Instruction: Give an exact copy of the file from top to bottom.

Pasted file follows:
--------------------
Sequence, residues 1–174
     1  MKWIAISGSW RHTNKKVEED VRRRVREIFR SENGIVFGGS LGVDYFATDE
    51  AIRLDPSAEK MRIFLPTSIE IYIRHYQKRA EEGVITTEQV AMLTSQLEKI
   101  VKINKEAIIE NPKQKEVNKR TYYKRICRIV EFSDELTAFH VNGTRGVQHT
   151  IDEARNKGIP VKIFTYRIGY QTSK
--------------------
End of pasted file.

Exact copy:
Sequence, residues 1–174
     1  MKWIAISGSW RHTNKKVEED VRRRVREIFR SENGIVFGGS LGVDYFATDE
    51  AIRLDPSAEK MRIFLPTSIE IYIRHYQKRA EEGVITTEQV AMLTSQLEKI
   101  VKINKEAIIE NPKQKEVNKR TYYKRICRIV EFSDELTAFH VNGTRGVQHT
   151  IDEARNKGIP VKIFTYRIGY QTSK